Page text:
Who, existing in the form of God, did not consider equality with God something to be grasped,
I. THE HEIGHT FROM WHICH HE. CAME IS THE MEASURE OF THE DEPTH TO WHICH HE DESCENDED. He was for ever "in the form of God;" i.e. with the essential nature of God (cf. John 13:3, 4).
II. HIS HUMILIATION WAS NO LOSS OF GLORY OR ESSENTIAL WORTH. He is for ever in the form of God; this he could not renounce. He laid aside for a time his external equality with God. This he considered not to be a possession of any great importance. How contrary to ordinary human ideas, which "catch at" anything which confers external honor!! But to catch at an external resemblance argues that we do not possess the essential likeness. Only the truly great can afford to humble themselves.
III. HIS HUMILIATION A REALITY. He takes the" form of a servant;" i.e. he actually becomes such, as he was actually in the "form of God." He assumes also the "likeness of a man," becoming in appearance, as in reality, one of ourselves.
IV. HE ACCEPTS THE TRUE POSITION OF MAN, WHICH IS THAT OF OBEDIENCE, This is man's truest and essential glory. The true man cannot live any other life than that of obedience and service. His obedience is to death, even to a death of shame, if such is required of him. Our glory is to accept whatever may be the will of God for us. - V.W.H.
Who being in the form of God.
3. Glory.These three are essential to the argument, for take away any of them and the example he proposes is lost.
I. IF YOU REMOVE THE STATE OF CHRIST'S NATURAL DIGNITY THE SECOND STATE WILL NO LONGER BE THAT OF HUMILIATION, nor Christ any longer an example of humility.
II. It is implied that HE WAS IN POSSESSION OF WHATEVER BELONGED TO HIS STATE OF DIGNITY BEFORE HE UNDERWENT ANYTHING THAT BELONGED TO HIS STATE OF HUMILIATION. He was in the form of God, before He was made in the likeness of men.
III. It is implied that HE UNDERWENT WHATEVER BELONGED TO HIS STATE OF HUMILIATION BEFORE HE ENJOYED ANYTHING THAT BELONGED TO HIS STATE OF EXALTATION; because His exaltation was the effect and reward of His humility, and being purchased and obtained by His humility could not be antecedent to it. From whence it follows, that the term of God, being the dignity He possessed before His humiliation, does not belong to Him in virtue of anything He did or suffered, nor is any part of that glory to which He was exalted after or on account of His sufferings. To maintain otherwise is to confound the distinct states of glory which belong to Christ: the glory He had with the Father before the world was, and the glory which He received from the Father at the redemption: one the glory of nature, the other the glory of office; one the glory of the eternal Loges, the other the glory of the Son of Man. These are carefully distinguished elsewhere.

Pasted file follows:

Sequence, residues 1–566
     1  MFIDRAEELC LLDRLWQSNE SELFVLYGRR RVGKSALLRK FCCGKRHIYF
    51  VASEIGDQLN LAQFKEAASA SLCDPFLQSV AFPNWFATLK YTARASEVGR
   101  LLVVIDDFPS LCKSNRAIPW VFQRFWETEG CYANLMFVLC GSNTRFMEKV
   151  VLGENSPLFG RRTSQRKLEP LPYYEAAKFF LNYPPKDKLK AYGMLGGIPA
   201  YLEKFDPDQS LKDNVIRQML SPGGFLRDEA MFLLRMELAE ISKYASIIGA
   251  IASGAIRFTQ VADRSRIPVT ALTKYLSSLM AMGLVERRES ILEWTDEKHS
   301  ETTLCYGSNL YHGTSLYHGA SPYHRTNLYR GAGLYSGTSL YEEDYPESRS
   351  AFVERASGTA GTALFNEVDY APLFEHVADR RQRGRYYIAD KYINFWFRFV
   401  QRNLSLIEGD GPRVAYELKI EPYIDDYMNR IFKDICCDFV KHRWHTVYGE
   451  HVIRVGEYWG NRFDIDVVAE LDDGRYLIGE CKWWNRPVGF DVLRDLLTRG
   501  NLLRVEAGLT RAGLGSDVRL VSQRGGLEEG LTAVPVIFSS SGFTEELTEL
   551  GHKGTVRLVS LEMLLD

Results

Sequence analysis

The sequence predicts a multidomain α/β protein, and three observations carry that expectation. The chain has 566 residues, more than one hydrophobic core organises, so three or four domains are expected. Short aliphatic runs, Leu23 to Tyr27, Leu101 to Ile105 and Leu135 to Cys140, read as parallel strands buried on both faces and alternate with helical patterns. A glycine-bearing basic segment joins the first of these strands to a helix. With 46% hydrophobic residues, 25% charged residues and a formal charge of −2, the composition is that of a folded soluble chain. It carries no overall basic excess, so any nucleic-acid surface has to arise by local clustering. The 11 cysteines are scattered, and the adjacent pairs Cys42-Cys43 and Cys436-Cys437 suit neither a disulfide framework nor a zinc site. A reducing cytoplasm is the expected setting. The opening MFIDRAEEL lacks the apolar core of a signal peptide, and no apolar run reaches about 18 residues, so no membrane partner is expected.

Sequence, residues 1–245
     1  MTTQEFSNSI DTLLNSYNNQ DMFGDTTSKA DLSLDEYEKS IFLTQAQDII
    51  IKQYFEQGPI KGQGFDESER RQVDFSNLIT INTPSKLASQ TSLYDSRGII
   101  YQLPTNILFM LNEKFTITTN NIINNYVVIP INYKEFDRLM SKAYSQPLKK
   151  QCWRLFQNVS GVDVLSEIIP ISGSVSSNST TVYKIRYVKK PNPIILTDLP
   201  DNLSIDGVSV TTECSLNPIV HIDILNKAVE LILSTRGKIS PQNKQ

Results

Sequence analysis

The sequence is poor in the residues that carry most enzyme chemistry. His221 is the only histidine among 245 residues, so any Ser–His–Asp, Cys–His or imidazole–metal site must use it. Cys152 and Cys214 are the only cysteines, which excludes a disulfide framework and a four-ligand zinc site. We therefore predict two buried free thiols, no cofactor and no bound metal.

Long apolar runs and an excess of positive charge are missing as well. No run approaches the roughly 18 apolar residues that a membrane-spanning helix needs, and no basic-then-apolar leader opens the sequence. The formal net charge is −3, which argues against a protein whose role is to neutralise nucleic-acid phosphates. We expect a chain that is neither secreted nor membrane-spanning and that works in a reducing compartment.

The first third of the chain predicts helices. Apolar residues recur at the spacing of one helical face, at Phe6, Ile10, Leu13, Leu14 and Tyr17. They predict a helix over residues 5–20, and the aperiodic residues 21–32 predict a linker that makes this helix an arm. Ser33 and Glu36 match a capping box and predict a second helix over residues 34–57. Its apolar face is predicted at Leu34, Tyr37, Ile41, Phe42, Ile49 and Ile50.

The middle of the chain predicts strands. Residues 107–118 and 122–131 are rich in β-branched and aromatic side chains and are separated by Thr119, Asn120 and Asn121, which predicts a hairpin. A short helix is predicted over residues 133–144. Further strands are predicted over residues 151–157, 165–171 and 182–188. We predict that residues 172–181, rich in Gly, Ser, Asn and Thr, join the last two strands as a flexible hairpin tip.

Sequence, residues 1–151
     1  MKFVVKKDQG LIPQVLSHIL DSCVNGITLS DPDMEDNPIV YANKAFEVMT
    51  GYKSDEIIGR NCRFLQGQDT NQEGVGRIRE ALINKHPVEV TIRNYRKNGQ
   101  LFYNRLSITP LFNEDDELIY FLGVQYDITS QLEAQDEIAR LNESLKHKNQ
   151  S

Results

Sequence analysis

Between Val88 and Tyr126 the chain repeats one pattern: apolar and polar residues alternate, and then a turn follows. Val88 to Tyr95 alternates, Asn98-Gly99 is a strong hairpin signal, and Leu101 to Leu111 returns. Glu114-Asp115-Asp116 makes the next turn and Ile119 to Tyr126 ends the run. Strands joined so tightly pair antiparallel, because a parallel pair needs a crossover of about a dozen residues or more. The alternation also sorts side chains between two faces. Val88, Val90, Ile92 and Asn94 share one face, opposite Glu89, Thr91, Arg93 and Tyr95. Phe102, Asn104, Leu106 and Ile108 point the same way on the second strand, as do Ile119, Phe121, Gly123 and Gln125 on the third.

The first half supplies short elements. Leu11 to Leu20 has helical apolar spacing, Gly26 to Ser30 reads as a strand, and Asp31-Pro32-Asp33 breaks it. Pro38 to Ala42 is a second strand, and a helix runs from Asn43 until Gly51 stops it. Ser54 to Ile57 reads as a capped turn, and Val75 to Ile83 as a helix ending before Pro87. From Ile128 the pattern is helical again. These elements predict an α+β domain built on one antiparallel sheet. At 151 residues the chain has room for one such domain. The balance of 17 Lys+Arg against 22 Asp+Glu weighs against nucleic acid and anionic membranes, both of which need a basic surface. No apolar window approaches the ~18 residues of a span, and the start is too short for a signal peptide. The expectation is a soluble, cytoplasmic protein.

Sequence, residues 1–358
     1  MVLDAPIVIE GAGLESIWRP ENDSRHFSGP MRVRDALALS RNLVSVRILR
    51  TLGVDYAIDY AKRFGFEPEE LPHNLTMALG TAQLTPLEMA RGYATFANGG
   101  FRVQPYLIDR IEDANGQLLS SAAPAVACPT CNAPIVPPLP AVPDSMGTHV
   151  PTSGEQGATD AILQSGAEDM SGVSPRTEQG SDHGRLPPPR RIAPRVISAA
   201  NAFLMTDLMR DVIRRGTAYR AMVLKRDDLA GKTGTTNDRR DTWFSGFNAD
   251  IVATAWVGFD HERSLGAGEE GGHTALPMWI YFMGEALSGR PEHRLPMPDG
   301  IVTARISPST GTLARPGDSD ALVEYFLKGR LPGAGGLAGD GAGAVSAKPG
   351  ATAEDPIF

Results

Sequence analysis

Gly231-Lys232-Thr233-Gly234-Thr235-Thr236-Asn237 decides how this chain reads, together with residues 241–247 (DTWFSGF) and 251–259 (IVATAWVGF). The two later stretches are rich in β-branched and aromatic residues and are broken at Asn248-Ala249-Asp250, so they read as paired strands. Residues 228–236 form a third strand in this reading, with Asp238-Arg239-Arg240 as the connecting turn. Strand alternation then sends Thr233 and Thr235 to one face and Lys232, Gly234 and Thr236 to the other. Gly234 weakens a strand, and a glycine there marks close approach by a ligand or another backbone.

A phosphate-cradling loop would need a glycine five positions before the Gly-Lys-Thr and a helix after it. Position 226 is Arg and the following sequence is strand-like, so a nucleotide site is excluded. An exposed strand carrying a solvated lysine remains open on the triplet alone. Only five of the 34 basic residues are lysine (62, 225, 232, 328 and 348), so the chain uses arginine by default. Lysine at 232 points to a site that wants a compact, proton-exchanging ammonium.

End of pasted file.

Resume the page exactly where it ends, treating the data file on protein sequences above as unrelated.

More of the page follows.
1. We find the original glory founded upon creation (Colossians 1:15-17), and in the next verse the apostle mentions a honour belonging to Christ's exaltation founded on His resurrection. As Lord of all, He is styled the firstborn of every creature; as Head of the Church, the firstborn from the dead.
2. To raise the dead is a power equivalent to creation, and therefore St. John tells us, "The hour is coming," etc. (John 5:25). In ver. 27, however, speaking of His being Judge of the world which belongs to Him in virtue of Redemption, lies one of the glories of His exaltation. He says, "The Father," etc.
3. In Hebrews 1:1-2 the apostle describes the dignity of the Person sent for our redemption, and evidently describes Christ's original glory. Then follows, "When He had purged our sins," etc., which speaks of His state of exaltation which He received after His sufferings. And in chap. Philippians 2:9, it is said that Jesus was made a little lower than the angels, but here, "better." If He was made lower in order to redeem us, it seems to imply that He was really, and by nature, higher. We may expound Hebrews by Philippians. For when He, who was in the form of God, made Himself of no reputation, He was made lower than the angels; but when, after His suffering death, He was exalted by God then He was made so much better than the angels, as He had by inheritance a more excellent name than they (Cf. ver. 9-10).
(T. Sherlock, D. D.)Him, was in the form of God, he does not merely intend that He was God in Himself, and that He had the true nature of the divinity; but, further still, that He possessed the glory and enjoyed all the dignity, majesty, and grandeur due to so high a name. This is precisely what our Lord means in St. John by the glory which He says He had with the Father before the world was.
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